Larry Doby is best remembered for becoming the first black player in the American League and the second in modern history in major-league baseball. When Doby made his major-league debut for the Cleveland Indians on July 5, 1947, he broke the league’s color barrier less than three months after Jackie Robinson first played for the Brooklyn Dodgers. In the face of racial prejudice, Doby remained a superior hitter and outfielder during his 13-season career, with selection to seven American League All-Star teams. “I had to take it,” Doby said, “but I fought back by hitting the ball as far as I could. That was my answer.”
In 1945, general manager Branch Rickey of the Brooklyn Dodgers signed Jackie Robinson to a contract to play baseball in Montreal. The move made Doby reconsider his options, as playing baseball in the major leagues now seemed a possibility. “My main thing was to become a teacher and coach,” Doby said. “But when I heard about Jackie, I decided to concentrate on baseball. I forgot about going back to college.”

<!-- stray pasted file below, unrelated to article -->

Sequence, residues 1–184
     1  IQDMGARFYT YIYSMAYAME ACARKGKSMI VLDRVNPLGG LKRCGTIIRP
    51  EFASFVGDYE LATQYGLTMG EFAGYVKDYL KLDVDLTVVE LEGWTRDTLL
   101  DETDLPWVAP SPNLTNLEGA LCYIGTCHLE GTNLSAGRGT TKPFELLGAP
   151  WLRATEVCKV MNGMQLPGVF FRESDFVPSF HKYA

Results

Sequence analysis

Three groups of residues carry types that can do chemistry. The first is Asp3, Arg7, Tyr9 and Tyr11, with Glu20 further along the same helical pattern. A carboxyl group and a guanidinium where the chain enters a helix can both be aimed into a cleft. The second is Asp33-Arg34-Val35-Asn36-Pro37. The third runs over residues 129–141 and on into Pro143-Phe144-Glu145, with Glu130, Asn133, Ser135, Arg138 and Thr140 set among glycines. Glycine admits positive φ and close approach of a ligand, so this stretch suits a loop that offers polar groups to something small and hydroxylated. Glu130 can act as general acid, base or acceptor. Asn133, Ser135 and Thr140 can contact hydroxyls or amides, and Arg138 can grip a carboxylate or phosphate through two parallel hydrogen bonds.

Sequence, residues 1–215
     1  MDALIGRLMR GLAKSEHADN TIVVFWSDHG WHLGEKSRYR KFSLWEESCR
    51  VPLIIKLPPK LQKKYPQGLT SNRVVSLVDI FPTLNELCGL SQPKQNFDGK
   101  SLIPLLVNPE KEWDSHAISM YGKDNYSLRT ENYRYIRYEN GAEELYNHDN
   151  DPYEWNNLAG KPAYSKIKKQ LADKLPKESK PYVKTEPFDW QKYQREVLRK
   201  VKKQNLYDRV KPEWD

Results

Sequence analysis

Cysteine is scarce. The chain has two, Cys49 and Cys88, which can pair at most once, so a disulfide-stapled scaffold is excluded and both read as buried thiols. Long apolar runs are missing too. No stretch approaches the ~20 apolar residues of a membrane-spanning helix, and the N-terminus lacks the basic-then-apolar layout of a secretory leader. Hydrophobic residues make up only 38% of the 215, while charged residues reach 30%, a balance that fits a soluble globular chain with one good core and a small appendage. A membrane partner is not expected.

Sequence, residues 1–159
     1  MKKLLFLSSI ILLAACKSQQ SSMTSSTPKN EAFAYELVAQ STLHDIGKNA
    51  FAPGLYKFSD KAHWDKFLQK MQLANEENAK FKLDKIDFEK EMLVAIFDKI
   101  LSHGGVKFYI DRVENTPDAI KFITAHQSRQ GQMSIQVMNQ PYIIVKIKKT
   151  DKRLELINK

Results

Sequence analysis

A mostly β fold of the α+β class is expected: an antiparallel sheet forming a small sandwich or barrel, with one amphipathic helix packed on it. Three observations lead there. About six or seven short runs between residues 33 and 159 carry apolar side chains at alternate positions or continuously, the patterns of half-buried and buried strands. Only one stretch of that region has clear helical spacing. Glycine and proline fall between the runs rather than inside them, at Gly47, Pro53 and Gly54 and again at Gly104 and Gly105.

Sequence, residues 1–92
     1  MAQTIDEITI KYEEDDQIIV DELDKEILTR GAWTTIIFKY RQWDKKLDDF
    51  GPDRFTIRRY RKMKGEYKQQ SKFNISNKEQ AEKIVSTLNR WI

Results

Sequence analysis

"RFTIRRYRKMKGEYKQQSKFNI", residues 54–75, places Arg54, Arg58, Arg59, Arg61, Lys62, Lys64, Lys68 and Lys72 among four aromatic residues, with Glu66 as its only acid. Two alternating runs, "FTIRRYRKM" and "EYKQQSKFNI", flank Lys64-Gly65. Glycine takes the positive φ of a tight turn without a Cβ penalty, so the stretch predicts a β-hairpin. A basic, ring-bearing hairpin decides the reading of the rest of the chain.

Bill Veeck, who had long been eager to racially integrate the American League, hatched a plan for Doby to join the Cleveland Indians. Doby had played the first half of the season with the Eagles, and he had hit a home run in his final Newark at-bat. The Cleveland team quietly purchased Doby’s contract and brought him to Cleveland.
Teammates, however, did not immediately welcome Doby, averting their eyes and not speaking to him as he made his entry to the clubhouse at Comiskey Park to meet with player-manager Lou Boudreau. “Shrug it off,” Boudreau reportedly said. “I knew it was segregated times, but I had never seen anything like that in athletics,” said Doby. “I was embarrassed. It was tough.”